Monday, August 01, 2005

King Fahd Dead

Saudi Arabian King Fahd bin Abdul Aziz, 84, died early Monday morning, probably of pneumonia. Or then again, he might have died last Wednesday. The Saudis say Monday but "other sources" say Wednesday. Usually, it's a safe bet that whatever the Saudis say is a lie.

Fahd was fat and hedonistic, a gambler and womanizer, an alcohol abuser in a country where ordinary subjects are whipped for such offenses. However, he had one thing going for him, and it was a Big Thing: He was the son of the founder of modern Saudi Arabia, King Abdul-Aziz, just like all the subsequent kings of Saudi Arabia have been.

Fahd was nine years old when his pop, Abdulaziz bin Abdulrahman Al-Saud, declared himself king of the Arabian peninsula in 1932, which he renamed Saudi Arabia to point out that it was the personal property of the Saud family and all the people in it were his subjects, not citizens. They set up shop in a mud palace in Riyadh.

Fahd received an elementary school education, which is education enough to qualify to be a king of Saudi Arabia. He became the fifth king of Saudi Arabia on June 13, 1982. As king, Fahd slept all day and didn't get going on his official government meetings until around midnight. He didn't like to work much but at the same time he was a micromanager who wanted to approve every detail. The result was that paperwork piled up in front of the regal bottleneck.

Fahd is famously said to have remarked, "Next to the Jews, we hate the Palestinians the most."

Fahd made many concessions to the Wahhabi clerics in order to balance his wastrel ways. He built up the contemptible Wahhabi universities, which indoctrinate their students in worldwide jihad against the West, and in general threw money at the Wahhabi clerics to keep them happy. The result was the current worldwide campaign of Wahhabi terror.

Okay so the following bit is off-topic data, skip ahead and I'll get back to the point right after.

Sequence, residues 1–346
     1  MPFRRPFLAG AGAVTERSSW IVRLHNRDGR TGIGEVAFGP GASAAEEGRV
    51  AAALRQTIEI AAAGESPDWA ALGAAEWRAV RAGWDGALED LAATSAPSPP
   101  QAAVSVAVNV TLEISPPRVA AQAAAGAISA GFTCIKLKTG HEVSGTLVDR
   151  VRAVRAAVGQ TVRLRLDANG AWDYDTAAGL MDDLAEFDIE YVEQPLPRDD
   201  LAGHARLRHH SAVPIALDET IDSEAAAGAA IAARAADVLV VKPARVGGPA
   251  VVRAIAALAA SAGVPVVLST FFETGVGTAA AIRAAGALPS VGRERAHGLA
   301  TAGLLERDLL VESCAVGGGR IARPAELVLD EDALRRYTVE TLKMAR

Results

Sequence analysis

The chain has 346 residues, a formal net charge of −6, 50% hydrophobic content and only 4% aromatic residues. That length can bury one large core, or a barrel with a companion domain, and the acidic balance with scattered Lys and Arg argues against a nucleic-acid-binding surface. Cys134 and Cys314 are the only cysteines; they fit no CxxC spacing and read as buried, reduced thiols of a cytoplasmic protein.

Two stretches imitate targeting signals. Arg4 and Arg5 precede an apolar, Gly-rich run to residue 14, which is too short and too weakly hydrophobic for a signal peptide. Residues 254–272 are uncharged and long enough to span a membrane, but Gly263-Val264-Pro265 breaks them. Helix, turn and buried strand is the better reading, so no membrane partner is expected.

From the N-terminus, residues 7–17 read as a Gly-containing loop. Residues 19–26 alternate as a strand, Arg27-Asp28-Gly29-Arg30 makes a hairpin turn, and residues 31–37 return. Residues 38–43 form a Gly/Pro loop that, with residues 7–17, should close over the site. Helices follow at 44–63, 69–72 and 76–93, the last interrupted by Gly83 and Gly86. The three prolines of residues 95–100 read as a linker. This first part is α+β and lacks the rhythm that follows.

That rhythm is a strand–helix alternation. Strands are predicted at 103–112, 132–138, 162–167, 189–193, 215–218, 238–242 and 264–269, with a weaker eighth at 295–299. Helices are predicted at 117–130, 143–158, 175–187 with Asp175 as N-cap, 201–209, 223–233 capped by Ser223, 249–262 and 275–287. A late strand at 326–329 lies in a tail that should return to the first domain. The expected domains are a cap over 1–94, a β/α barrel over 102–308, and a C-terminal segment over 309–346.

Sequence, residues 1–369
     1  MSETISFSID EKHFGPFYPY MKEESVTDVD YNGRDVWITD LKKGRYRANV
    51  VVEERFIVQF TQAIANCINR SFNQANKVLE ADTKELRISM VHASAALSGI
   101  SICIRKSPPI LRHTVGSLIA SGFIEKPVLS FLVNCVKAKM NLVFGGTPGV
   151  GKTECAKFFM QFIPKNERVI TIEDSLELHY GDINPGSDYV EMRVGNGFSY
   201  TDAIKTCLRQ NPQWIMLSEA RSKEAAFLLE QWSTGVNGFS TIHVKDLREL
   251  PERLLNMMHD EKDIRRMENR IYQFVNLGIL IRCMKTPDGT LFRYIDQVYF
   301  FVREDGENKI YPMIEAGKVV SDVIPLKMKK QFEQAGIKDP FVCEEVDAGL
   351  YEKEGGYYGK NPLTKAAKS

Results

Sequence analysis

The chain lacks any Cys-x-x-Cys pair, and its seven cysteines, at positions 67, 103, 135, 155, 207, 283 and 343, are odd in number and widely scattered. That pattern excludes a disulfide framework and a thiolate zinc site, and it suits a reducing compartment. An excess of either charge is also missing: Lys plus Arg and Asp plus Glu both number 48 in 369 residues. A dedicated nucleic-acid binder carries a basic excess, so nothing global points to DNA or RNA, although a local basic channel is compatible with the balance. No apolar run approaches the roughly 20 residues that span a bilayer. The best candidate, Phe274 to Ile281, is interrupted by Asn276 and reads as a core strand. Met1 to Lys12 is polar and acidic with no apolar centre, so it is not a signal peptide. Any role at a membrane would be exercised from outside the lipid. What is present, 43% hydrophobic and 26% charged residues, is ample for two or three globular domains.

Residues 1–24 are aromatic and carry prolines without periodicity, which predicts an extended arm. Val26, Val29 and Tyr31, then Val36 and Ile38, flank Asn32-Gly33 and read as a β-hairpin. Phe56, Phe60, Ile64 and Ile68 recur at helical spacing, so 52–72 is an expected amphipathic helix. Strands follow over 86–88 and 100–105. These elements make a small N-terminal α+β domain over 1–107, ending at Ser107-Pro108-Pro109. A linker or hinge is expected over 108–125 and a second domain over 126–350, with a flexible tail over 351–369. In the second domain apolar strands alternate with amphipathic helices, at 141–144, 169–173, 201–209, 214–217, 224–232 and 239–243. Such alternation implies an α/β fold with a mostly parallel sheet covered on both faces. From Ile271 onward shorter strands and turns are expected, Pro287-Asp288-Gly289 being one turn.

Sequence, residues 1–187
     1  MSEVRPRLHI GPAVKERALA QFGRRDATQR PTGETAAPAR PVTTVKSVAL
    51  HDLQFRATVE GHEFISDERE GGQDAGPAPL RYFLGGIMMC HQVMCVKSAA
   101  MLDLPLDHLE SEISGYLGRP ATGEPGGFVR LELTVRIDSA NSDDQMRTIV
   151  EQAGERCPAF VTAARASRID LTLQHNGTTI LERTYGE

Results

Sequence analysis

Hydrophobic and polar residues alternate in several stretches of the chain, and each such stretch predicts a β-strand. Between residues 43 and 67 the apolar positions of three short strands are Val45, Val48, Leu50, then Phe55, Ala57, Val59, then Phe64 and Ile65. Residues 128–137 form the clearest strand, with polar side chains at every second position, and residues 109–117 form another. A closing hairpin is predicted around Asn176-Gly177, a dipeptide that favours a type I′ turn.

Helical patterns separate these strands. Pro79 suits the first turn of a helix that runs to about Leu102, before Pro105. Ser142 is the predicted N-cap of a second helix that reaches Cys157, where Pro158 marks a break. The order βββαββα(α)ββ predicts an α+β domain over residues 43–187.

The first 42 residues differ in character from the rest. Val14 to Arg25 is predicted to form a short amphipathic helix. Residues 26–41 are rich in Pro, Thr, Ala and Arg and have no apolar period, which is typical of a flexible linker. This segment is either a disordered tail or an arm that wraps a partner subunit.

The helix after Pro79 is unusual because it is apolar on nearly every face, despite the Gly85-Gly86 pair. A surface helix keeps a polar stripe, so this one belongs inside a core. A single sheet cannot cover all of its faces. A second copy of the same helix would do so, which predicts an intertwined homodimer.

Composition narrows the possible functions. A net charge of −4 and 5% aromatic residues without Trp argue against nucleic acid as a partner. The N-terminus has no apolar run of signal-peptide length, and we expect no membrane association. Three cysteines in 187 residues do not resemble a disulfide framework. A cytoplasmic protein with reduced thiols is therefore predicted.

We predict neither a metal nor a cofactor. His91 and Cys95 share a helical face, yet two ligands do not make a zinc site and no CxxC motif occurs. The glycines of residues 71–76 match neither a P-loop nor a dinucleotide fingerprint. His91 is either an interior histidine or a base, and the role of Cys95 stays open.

However, he ruled against the Wahhabis when Saddam threatened Saudi Arabia, after his invasion of Kuwait in 1990, by letting US troops defend his kingdom. The Wahhabis were outraged, though the alternatives for them were hardly appealing. Such logic has little charm for Wahhabis.

Fahd was disabled by a stroke in 1995, becoming a figurehead who spent much of his time at his palace in Spain, near the Mediterranean resort of Marbella. He lived in a replica of the White House he called "Mar Mar." His entourage occupied the best rooms of the best hotels nearby, dropping hundreds of millions of dollars on whatever shiny trinkets caught their acquisitive eyes.

Crown Prince Abdullah, the king's 81-year-old half brother, ruled as regent while the fiction was maintained that Fahd was still in charge. Now that Fahd is dead, Abdullah has been made king and the Saudi defense minister, Prince Sultan bin Abdul Aziz, 77, another son of ibn Saud, has been promoted to crown prince.

King Fahd was the oldest of the "Sudairi Seven", the seven sons of King Abdul Aziz "ibn Saud" by Hassa bint Ahmad Sudairi, including Prince Sultan bin Abdul Aziz (born 1927) Minister of Defense since 1962 and Second Deputy Prime Minister since 1982; the reprehensible Prince Nayef bin Abdul Aziz, the Interior Minister who still claims Zionists committed the Sep 11 attacks; and Prince Salman bin Abdul Aziz, the Governor of Riyadh. They are all candidates for kings. It could take decades for this cohort to become king and croak, one by one, in a Breznev-like era of conservative geriatric rule.

That means that Saudi Arabia will likely remain a false friend and phony ally, a hostile and dishonest regime dedicated to the insane and murderous campaign to eradicate all other faiths and philosophies but Wahhabism in order to create a world-wide Islamic empire, the Second Caliphate. Until we come to grips with Saudi Arabia and destroy it, America will not be safe.


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